|Spohn, M: Phosphorus and carbon in soil particle size fractions – A synthesis, Biogeochemistry, 147, 225–242 (2020), doi:10.1007/s10533-019-00633-x|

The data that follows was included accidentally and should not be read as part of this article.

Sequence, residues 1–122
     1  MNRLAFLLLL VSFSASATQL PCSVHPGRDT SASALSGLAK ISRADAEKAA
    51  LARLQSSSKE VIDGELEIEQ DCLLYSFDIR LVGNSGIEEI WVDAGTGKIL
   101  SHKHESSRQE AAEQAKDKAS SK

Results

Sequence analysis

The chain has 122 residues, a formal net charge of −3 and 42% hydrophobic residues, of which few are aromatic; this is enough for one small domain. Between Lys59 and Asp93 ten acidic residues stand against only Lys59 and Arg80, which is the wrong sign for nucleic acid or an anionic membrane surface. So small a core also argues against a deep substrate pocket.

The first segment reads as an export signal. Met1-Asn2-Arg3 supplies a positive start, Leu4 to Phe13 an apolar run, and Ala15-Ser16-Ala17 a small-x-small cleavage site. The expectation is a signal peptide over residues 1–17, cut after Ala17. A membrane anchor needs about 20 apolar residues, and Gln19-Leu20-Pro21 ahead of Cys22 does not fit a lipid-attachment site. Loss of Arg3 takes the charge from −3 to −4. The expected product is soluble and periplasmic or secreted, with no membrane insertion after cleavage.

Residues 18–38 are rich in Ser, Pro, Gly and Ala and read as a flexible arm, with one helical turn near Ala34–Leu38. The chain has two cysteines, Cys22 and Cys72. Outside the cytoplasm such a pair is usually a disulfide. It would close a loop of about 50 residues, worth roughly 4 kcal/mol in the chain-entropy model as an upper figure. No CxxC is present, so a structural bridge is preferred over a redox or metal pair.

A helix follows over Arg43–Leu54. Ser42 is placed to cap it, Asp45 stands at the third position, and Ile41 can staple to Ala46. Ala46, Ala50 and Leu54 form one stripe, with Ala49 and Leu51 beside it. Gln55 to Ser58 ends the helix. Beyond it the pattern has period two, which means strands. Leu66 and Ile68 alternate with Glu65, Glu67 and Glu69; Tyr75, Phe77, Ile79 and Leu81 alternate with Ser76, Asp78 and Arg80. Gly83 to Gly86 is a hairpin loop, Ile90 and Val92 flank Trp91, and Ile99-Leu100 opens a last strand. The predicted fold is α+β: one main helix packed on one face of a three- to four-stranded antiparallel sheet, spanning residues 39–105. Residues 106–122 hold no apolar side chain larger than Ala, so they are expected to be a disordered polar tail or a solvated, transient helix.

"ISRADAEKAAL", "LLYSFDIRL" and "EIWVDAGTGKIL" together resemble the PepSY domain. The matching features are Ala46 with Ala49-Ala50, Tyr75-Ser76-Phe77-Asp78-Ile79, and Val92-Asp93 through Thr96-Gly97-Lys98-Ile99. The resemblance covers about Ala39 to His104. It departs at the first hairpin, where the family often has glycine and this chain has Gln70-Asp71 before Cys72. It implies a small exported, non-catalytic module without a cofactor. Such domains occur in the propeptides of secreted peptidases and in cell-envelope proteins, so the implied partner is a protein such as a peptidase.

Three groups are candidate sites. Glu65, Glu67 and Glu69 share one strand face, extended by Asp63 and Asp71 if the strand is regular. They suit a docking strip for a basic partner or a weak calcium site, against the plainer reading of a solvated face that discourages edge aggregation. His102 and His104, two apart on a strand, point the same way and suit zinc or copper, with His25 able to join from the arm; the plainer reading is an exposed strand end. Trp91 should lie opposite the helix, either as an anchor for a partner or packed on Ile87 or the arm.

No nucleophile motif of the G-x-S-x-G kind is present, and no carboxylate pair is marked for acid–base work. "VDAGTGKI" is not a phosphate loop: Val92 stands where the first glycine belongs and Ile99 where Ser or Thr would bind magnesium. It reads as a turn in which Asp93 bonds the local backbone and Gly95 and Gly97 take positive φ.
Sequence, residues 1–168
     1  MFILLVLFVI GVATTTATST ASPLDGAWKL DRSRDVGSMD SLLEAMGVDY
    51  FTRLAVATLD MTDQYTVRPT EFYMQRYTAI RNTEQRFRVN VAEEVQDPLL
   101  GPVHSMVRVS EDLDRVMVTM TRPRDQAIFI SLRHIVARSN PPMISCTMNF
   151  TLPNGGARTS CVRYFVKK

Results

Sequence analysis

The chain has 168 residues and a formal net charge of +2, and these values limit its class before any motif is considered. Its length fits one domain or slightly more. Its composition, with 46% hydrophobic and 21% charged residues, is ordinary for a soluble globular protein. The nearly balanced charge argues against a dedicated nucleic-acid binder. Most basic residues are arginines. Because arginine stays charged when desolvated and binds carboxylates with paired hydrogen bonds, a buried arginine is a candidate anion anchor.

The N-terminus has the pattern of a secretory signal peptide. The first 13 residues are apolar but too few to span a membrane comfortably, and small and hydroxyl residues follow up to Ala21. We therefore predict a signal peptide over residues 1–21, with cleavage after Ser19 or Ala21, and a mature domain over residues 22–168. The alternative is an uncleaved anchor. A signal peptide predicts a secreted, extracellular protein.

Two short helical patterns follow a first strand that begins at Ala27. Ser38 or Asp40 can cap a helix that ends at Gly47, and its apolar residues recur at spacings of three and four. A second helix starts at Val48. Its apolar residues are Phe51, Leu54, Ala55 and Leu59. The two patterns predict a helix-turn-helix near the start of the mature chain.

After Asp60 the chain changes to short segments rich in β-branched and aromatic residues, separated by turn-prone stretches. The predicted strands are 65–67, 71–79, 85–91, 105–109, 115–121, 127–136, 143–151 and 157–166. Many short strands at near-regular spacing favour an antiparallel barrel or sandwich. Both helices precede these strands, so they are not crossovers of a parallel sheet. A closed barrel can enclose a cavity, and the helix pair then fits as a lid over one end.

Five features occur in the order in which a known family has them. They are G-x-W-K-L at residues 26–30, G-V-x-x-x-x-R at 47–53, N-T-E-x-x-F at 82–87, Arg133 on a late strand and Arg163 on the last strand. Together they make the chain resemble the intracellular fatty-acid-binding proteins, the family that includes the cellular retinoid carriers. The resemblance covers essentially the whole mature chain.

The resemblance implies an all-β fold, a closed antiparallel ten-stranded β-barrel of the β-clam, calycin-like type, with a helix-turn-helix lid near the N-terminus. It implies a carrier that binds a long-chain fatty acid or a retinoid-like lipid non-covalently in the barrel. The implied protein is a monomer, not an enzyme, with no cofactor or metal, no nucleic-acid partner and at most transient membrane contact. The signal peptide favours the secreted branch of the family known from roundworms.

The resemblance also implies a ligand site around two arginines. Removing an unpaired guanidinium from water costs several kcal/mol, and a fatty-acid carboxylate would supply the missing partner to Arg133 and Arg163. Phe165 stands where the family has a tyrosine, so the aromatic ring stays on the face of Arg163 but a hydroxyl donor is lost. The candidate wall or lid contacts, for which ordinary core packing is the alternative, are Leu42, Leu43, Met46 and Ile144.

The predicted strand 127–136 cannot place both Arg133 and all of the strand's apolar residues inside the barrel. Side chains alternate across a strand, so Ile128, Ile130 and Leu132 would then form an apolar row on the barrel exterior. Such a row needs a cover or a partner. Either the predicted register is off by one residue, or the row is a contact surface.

Despite the importance of phosphorus (P) as a macronutrient, the factors controlling the pool sizes of organic and inorganic P (OP and IP) in soils are not yet well understood. Therefore, the aim of this study was to gain insights into the pools sizes of OP, IP and organic carbon (OC) in soils and soil particle size fractions. For this purpose, I analyzed the distribution of OP, IP, and OC among particle size fractions depending on geographical location, climate, soil depth, and land use, based on published data. The clay size fraction contained on average 8.8 times more OP than the sand size fraction and 3.9 and 3.2 times more IP and OC, respectively. The OP concentrations of the silt and clay size fraction were both negatively correlated with mean annual temperature (R2=0.30 and 0.31, respectively, p<0.001). The OC:OP ratios of the silt and clay size fraction were negatively correlated with latitude (R2=0.49 and 0.34, respectively, p<0.001). Yet, the OC:OP ratio of the clay size fraction changed less markedly with latitude than the OC:OP ratio of the silt and the sand size fraction. The OC concentrations of all three particle size fractions were significantly (p<0.05) lower in soils converted to cropland than in adjacent soils under natural vegetation. In contrast, the OP concentration was only significantly (p<0.05) decreased in the sand size fraction but not in the other two particle size fractions due to land-use change. Thus, the findings suggest that OP is more persistent in soil than OC, which is most likely due to strong sorptive stabilization of OP compounds to mineral surfaces.